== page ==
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Are You Listening?

By Author, Rob Peach

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Have you ever really listened to your partner?  I mean REALLY listened?  Listened with no intention other than to just to better understand where your partner might be coming from?  Have you ever tried to listen to them without interrupting?  Without responding?  Without judgment?

In my practice, I work with many couples that struggle with communicating openly and honestly with each another.  When we ourselves struggle with mixed or, at times, conflicting emotions, it can be hard to share our thoughts and feelings clearly. At other times, our fears of being hurt can prevent us from truly listening to our partner in case we hear something that might be difficult for us to accept.

One of the most common things I hear from clients after a session is that ‘they feel so much better’ because they were able to ‘get things off their chest’.  When I hear that, I hear that they have been suffering with difficult emotions in silence. It’s also a good clue that that they may be holding back from sharing their true thoughts and emotions with their partner.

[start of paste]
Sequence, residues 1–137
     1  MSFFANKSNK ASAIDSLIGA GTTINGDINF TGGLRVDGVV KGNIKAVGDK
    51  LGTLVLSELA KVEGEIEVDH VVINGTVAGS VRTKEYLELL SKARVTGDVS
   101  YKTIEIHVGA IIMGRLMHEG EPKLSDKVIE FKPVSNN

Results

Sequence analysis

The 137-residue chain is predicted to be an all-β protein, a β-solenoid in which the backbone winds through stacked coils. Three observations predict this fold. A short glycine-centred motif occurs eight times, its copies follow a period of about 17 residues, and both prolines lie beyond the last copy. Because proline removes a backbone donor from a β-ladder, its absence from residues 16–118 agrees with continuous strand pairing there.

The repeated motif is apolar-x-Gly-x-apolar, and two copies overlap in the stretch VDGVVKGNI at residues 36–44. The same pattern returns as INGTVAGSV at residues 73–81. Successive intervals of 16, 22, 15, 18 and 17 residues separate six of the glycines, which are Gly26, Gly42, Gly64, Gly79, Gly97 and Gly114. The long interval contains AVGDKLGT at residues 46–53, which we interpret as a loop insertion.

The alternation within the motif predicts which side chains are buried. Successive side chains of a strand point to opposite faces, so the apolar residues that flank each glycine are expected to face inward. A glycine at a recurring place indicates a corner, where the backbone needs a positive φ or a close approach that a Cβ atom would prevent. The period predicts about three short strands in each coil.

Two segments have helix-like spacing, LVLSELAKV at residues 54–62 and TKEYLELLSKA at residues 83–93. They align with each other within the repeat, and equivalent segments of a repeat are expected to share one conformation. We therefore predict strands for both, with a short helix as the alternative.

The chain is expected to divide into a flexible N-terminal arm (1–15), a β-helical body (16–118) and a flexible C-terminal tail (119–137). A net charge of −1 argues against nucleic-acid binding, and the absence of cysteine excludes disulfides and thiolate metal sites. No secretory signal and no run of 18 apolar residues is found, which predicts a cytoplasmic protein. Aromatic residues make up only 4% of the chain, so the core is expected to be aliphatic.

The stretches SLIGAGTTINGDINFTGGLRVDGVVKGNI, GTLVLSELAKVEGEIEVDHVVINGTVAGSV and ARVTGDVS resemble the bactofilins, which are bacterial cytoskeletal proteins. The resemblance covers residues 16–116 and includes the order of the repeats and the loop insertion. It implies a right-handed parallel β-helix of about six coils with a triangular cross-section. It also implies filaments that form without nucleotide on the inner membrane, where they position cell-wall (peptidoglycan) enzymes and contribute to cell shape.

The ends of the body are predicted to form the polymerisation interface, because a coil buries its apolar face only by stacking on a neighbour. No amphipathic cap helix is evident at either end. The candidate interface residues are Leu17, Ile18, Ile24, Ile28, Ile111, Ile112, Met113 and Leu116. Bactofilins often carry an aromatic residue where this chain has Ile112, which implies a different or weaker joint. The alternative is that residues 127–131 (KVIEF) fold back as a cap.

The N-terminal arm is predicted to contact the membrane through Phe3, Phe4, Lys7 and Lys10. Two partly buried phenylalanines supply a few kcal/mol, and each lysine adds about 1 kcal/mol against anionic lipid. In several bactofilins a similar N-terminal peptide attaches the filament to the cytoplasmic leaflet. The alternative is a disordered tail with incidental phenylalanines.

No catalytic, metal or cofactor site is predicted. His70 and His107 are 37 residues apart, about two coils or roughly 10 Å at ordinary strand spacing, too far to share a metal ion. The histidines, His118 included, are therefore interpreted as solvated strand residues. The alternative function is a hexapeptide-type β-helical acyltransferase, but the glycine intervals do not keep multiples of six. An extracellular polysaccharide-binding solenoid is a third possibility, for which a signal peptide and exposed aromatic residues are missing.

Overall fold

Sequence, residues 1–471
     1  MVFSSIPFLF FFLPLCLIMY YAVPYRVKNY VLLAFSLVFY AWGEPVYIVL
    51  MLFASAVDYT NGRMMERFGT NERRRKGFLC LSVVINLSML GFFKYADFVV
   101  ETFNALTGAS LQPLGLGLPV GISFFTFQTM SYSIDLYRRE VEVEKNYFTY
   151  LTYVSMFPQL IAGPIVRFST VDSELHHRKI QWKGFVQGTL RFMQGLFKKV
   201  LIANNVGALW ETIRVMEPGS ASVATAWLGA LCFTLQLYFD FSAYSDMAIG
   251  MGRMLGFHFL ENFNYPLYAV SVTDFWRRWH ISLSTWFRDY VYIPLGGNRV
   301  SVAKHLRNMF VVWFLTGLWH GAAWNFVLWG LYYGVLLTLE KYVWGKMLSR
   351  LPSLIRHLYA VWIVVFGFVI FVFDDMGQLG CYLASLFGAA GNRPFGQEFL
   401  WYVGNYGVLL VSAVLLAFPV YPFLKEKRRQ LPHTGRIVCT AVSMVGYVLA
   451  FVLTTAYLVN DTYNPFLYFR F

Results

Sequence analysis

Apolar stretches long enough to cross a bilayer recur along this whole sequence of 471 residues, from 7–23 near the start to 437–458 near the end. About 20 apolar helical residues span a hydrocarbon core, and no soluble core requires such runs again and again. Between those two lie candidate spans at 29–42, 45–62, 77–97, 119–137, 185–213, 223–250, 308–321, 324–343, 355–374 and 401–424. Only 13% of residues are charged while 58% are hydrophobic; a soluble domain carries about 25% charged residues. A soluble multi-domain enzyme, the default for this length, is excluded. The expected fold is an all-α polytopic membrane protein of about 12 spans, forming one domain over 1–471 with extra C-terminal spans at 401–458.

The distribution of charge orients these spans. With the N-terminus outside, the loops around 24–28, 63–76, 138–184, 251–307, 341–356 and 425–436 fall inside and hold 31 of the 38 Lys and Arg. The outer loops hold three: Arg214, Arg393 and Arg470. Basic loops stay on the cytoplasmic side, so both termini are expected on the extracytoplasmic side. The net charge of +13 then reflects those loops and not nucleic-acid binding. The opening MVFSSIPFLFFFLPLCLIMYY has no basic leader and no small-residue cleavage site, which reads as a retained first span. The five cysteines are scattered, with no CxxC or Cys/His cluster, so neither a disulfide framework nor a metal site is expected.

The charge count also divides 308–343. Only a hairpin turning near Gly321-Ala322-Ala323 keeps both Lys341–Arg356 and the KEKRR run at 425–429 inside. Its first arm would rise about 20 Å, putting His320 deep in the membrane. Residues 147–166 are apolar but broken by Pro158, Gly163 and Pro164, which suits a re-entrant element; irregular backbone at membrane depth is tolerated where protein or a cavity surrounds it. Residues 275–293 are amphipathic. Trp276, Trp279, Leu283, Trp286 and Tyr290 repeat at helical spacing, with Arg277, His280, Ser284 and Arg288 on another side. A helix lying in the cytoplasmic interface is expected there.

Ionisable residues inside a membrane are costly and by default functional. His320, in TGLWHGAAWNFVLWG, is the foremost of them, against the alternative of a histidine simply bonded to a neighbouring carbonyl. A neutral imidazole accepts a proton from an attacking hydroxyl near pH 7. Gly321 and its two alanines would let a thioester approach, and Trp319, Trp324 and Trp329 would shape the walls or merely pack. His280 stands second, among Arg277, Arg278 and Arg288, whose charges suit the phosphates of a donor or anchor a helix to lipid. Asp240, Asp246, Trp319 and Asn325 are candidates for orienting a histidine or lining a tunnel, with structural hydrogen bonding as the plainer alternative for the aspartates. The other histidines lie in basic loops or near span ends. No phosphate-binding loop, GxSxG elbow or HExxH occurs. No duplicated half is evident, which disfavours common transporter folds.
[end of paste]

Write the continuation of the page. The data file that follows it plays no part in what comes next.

Buddhist monk Thich Nhat Hahn’s fourth precept, ‘Deep Listening and Loving Speech’, reminds us that suffering can result from speaking without thinking and from a lack of ability to listen to others.

In therapy, I like to challenge my clients to agree to try to listen to their partner for one full week without responding to their concerns.  Thich Nhat Han refers to this as ‘deep listening’, or listening only for the goal of unburdening someone else of the weight of their thoughts.

This ‘deep listening’ exercise can give each partner a chance to fully express themselves without the risk that their sharing will result in an argument.  It gives the ‘listening’ partner a chance to hear and accept the thoughts and feelings of the ‘sharing’ partner.  It gives the ‘sharing’ partner and chance to be heard.

Unconditional acceptance and valuing each other’s experiences, regardless of how they may differ from one’s own, is a radical practice.  It makes us vulnerable to hurt and pain.  It may force us to put our emotions aside temporarily to make room for those of others.

On the flip side, it gives us a chance to be unburdened, to be less alone with difficult emotions and to share more of ourselves with our partner.

There is value in both understanding and being understood by your partner.  Learning the tools you need to ‘listen’ can help.  Therapy can help you and your partner to be better able to honestly communicate with each other, with less fear of being misunderstood or of being hurt.

About The Author, Rob Peach

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